This film is known for it’s all-star cast, and it is a great cast, but where they all-stars when this film was made?  Kevin Spacey was a great actor before this film, but wasn’t in much you would have heard of.  Though I loved Swimming with Sharks, most probably never heard of this film.  This film gave him an Oscar win and made him a big name in Hollywood.  Benicio Del Toro did some T.V. work and few movies before this as well, but as the scene stealing Fenster his star meter went up drastically.  Kevin Pollak was already a star as a stand up comedian, but this movie showed his dramatic side.  Pollak has worked steady ever since, bouncing from comedic to dramatic roles.  Alec’s little brother Stephen Baldwin was doing well and may have been considered a big star at the time.  His star power has dimmed in recent years, but he showed some great presence in this film.  Gabriel Byrne was probably the biggest draw for this film at the time of its release, and was excellent as always.  Chazz Palminteri plays his usual Italian tough guy from New York in this film and it fits perfectly.

Our story starts out with our Usual Suspects all getting arrested in connection to a load of gun parts being hijacked.  They quickly become good friends and team up together on some more heists.  The whole story is told in flashback fashion from Kevin Spacey’s character Verbal being interrogated in a police station in Los Angels.  Our plot thickens as new evidence becomes available and they ask Verbal more questions on what happened.  As the audience we want to know the answers as much as the police do.  What is going on?  What was really on the boat?  Who got away alive?  and of course Who is Keyser Söze?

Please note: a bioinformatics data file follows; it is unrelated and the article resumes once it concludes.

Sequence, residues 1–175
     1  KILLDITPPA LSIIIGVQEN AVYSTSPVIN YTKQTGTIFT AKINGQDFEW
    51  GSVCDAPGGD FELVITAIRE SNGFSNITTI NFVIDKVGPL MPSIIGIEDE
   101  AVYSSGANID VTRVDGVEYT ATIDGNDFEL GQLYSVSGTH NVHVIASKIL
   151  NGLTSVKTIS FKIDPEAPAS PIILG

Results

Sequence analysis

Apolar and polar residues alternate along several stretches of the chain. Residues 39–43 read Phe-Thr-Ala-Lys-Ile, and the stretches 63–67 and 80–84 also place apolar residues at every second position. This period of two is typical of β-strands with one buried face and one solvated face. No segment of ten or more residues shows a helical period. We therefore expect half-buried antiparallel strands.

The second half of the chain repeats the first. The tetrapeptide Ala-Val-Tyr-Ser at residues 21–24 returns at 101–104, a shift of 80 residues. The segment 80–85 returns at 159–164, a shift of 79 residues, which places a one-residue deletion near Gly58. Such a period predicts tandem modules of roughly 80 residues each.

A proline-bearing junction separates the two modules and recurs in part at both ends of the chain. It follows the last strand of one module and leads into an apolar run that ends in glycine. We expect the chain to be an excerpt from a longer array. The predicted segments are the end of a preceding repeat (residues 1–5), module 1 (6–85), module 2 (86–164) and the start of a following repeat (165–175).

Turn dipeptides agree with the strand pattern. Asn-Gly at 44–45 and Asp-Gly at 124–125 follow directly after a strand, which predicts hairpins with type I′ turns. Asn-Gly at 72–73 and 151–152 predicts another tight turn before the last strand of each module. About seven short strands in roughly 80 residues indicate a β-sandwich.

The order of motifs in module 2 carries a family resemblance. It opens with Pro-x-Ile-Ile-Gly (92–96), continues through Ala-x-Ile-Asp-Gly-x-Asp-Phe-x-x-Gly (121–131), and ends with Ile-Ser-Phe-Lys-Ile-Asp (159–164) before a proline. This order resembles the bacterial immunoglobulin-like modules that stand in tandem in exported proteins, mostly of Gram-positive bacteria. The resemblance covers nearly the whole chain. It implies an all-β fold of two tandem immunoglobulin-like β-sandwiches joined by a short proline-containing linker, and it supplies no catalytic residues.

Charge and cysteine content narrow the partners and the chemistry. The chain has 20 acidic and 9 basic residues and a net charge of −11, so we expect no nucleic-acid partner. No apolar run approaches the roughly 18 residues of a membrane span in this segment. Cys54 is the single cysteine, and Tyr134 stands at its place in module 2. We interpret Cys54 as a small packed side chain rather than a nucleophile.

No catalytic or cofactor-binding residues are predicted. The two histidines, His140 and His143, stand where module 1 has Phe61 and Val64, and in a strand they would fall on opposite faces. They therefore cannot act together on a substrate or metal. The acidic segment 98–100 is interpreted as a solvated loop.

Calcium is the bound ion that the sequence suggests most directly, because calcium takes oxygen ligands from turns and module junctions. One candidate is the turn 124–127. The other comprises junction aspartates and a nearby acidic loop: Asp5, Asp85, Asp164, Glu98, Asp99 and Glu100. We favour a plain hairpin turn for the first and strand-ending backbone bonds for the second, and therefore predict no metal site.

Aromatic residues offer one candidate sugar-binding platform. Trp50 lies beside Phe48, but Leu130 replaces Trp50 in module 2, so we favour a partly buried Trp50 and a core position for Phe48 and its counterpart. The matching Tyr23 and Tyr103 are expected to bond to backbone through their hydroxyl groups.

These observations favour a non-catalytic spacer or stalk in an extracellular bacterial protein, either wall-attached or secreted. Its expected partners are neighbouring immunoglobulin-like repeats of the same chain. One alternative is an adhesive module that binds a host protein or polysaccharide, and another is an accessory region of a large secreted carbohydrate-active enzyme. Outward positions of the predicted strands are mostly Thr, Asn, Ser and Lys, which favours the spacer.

I’m not going to lie, I love Singer’s X-men films, but what would really make me happy is if he made another neo noir film.  This is a film you can watch over and over again and find little hints and clues to one of the greatest mysteries in movie history.

Favorite Tidbit: **semi-spoiler alert**  As this film was being made, all the actors were told “they are Keyser Söze.”  None of them learned the truth until the first screening of the movie.

Review: Mr. Arkadin or Confidential Report

Mr. Arkadin is written, directed by and starring Orson Welles in an epic film noir.  There are 3 versions of this film floating around and if you buy the Criterion Collection release of this, you will get all three.  I caught this on Turner Classic Movies and watched the comprehensive version.  From my understanding Welles lost control of this film when it was in editing.  Nobody knows for sure what version he wanted released or if his version of the film ever really existed.

This film starts with our protagonist played by Robert Arden and his girlfriend played by Patricia Medina find a man about to die.  He has a knife in his back and the last things he says is Mr. Arkadin and a female’s name they are not sure of.  We also find Arden talking to a dying man about the whole story in flash back fashion.  Our couple decide to investigate the incident themselves and infiltrate Arkadin’s inner circle including his daughter played by Paola Mori.  Our hero soon meets Arkadin, who hires him to investgate….Arkadin.  He claims he has memory lose and can not remember anything before 1927.  This gets stranger and stranger as we go.  It is very creepy as well.   Welles looks frightful himself with a weird beard and some crazy make-up.

We also have a crazy religious ceremony where people are dressed up like KKK members. We get a strange Masquerade party that looks like something out of a strange horror movie.

Finally in one of the most interesting scenes of the film, we have a conversation with a ring master of a flea circus.  The ring master has some of the best dialog in the film.